Beneath the Depraved Spires?

The Riot Club uses the Bullingdon Club as a microcosm for the Conservative party and the British elite. It isn’t. (Plus my potted review of the film).

The Riot Club is not a film that is going to let you forget it’s set in Oxford*. If the shots of the skyline and the city’s more iconic streets were not enough to let you know, characters are constantly talking about the fact they are in Oxford. Which is ironic because it’s not really a film about Oxford.

Sure it’s set there and nobody’s going to be in any doubt that the drinking society for horrible rich Oxford students of the title is really the Bullingdon Club. But precisely because it’s about the Bullingdon Club, it’s not about Oxford. The Club has much the same impact on the university career of the average Oxford student that Yetis do on the average climber ascending Everest: you’ve seen photos, you’ve met people who have stories of encountering them and sometimes you wonder if the rather strange thing you saw was down to them. But that’s it. And frankly that’s what you’d expect from an organisation whose total membership represents around 0.1% of the University’s student body.

But it is of course not because it represents one university that people are interested in the Bullingdon Club. With the leader of the Conservative Party, his chancellor and likely successor being former members it seems to many people to represent something about the Conservative Party and the British Elite. And that does rather seem to be the premise of the Riot Club. That, however, is a mistake.

Let’s start with the Tories. Yes a lot of the club’s members have gone on to be influential Conservative politicians. But what impact does that really have on the party? Even if every one of them went from wearing tails to being Top Tories they’d still be a small group. Cameron, Osbourne and Boris might have belonged to the Club but Theresa May, Phillip Hammond, Chris Grayling, Eric Pickles, Michael Ashcroft, Nicky Morgan, Michael Gove and just about everyone else didn’t.

It’s tempting to draw a mental connection between the literal wreckage left behind by the Club with the metaphorical carnage wrought by austerity but that makes little sense. Within the Tory Party there is little or no correlation between toffiness and radicalism: Thatcher “the green grocers daughter” was far to the right of the Old Etonian Harold MacMillan. Similarly, it is hard to believe there would have been less austerity had the grammar school educated David Davis beaten Cameron for the leadership of the party and gone onto become prime minister. The Tories are a broad coalition as much – at least until UKIP came along – Daily Mail as Daily Telegraph. Dismissing it as the work of horrible aristocrats is tempting may make those of us who didn’t vote for them feel better but it doesn’t change the fact that in 2010 more than 10 million people voted Conservative, most of whom presumably haven’t even heard of the Bullingdon Club.

What goes for the Conservative Party applies even more so the British Elite as a whole. In the Riot Club, almost invariably the posh characters are vile while middle and working class characters are decent. In reality it was more complicated than that. One of the upsides of having gone to Oxford is that it despite coming from an affluent professional family, I can still maintain the illusion that I am not part of that elite. I was state school educated, had no titles and was subject to some financial constraints. Therefore, next to the public school boys and girls (not to mention the Gulf royalty, Russian oligarchs kids etc.), I could feel downright common. And like most middle or working class Oxford students (which for the record is the majority of us), I have tales of the amusing poshness to tell. Take for example, the Etonian I met in freshers week who was genuinely astonished to discover that passing through a metal detector to get into a state school happened in American TV shows but in actual British schools. But that didn’t make him a character out of the Riot Club. He was a friendly, polite and like most Etonians somewhat apologetic about his privilege. While he leaned rightwards that was not a given for posh people: think of the late Tony Benn. And privilege was as likely to spur compassion and public duty as to stunt it. When in my capacity as a councillor, I went along to meetings of charities and campaign groups at Oxford generally the voices I would hear were generally cut-glass (or more amusingly terrible attempts at estuary English).  And while it is fortunate that there are nice people amongst the elite, some of the rest of us can unfortunately be as vile as any Bullingdon Boy. Walking past Oxford’s clubs at chucking out time you’d see drunken violence and vandalism worthy of the Club perpetrated by students and non-students alike.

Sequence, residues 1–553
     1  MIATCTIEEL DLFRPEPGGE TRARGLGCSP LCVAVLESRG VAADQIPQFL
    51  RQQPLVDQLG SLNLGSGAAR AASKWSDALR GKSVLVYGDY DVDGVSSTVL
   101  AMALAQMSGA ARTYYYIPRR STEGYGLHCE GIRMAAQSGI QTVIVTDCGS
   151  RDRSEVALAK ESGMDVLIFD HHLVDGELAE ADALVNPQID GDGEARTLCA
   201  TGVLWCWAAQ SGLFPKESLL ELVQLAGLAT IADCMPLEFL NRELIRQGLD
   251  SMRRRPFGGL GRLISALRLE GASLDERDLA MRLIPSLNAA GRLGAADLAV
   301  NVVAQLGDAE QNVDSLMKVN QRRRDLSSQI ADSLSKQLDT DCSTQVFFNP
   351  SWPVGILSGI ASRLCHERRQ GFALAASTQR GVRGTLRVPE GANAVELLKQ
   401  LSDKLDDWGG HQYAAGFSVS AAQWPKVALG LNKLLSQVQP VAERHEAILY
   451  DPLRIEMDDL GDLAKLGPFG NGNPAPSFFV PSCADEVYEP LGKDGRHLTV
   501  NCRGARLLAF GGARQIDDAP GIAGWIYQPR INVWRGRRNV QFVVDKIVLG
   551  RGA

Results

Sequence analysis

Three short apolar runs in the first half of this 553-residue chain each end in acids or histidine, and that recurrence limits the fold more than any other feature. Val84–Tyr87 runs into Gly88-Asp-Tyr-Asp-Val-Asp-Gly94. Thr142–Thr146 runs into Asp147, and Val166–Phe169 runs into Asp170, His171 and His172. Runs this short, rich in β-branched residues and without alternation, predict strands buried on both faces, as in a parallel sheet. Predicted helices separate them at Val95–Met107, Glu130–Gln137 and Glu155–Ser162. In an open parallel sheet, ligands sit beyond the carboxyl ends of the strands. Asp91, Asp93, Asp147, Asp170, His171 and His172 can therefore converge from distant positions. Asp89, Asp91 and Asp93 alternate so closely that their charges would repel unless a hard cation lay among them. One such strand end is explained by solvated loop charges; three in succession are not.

This is what the Riot Club gets wrong. The problem with our ruling class is not that they have a weaker moral fibre than the rest of us. Rather it is that that class has been allowed to congeal into a caste. Britain’s poor levels of social mobility mean that the people who take positions of people are too often not the best person for the job but those who parents did it. And if we want to understand that we have to look to the fact that Conservative ideas have such resonance beyond the elite the Riot Club depicts.

Mini review: 5/10 – The first half is a bore. The second is claustrophobic and somewhat disturbing. It’s effective but I wouldn’t say I liked it.

 

*This is one of those contexts in which the fact that Oxford is a city with a university in it (two in fact) rather than just a university gets lost.

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